Globalization has hurt the living standards of the middle class because it was designed to have this effect. Trade agreements like NAFTA were quite explicitly designed to make it as easy as possible for General Electric and other manufacturers to set up operations in the developing world and export their output back to the United States. This has the effect of putting U.S. manufacturing workers in direct competition with low-paid workers in the developing world.

We could have designed these deals to put our doctors, lawyers, economists and other highly paid professionals in direct competition with their much lower paid counterparts in the developing world. We could have constructed trade deals that remove all the obstacles that make it difficult for students in China, India, and elsewhere and to train to U.S. standards and then practice their professions in the United States.

If globalization had followed this path it would have produced enormous benefits to both the middle class and the economy as a whole. We would be able to get health care, university education and many other services provided by highly paid professionals at much lower cost.

In the same vein it is not technology by itself that has made some people very rich. It is largely government-granted patent and copyright monopolies that have made people rich. These polices are becoming increasingly inefficient mechanisms for supporting innovation and creative work.

In the case of prescription drugs alone, patent monopolies raise costs by more than $250 billion (@1.7 percent of GDP) a year compared to a situation in which drugs were sold in a free market. This amount is roughly 5 times as much as the amount that is at stake with extending the Bush tax cuts to the richest 2 percent of taxpayers. There are more efficient mechanisms for financing drug research however this topic is largely excluded from public debate.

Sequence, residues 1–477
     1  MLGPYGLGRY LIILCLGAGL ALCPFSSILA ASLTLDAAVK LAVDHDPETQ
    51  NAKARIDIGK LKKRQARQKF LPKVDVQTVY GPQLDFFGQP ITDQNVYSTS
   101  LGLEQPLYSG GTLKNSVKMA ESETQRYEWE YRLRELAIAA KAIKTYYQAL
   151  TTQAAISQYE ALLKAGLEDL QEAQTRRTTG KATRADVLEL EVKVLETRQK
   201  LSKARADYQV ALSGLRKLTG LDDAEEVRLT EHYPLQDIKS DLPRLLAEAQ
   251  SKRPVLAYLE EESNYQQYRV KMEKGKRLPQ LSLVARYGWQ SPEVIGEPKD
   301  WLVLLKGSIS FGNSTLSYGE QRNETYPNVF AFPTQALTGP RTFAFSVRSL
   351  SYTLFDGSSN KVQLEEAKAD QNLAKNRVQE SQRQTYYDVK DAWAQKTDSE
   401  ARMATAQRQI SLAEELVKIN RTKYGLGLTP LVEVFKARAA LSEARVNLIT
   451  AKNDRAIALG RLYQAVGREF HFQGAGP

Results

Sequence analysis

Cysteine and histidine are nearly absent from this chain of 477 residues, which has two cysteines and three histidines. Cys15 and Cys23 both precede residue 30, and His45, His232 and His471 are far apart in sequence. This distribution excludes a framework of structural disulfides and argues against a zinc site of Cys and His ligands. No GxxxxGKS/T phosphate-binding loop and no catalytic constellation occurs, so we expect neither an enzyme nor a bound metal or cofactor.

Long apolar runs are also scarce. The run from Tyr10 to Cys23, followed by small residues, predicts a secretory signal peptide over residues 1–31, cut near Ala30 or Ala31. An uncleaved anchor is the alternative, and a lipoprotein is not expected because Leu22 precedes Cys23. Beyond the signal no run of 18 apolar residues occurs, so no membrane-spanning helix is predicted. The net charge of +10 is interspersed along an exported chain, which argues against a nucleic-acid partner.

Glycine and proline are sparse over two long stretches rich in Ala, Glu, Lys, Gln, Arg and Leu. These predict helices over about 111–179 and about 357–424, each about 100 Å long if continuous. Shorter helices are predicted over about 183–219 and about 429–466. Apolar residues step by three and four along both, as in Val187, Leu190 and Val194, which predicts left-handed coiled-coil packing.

The great fortunes that have been made on Wall Street come in part from implicit too-big-to-fail insurance from the government, exemption from fraud laws, and being granted special tax treatment. Even the International Monetary Fund has noted that the financial sector in the U.S. and elsewhere faces a much lower tax burden than other sectors.

If a town has twenty gambling casinos and 19 of them pay heavy taxes, then we would expect the 20th casino to enjoy much higher profits. This is a significant part of the story of the high pay and big profits on Wall Street.

There is a much longer list of ways in which the government redistributes income upwards. It is cute how people like Fukuyama and Ignatius pretend that the upward redistribution was just the natural workings of the market and then wring their hands over the unfortunate implications, but this is kids' stuff. Serious people need not pay attention to such nonsense.

 
Harold Meyerson Commits the NYT Mistake on German Unemployment Print
Wednesday, 04 January 2012 05:39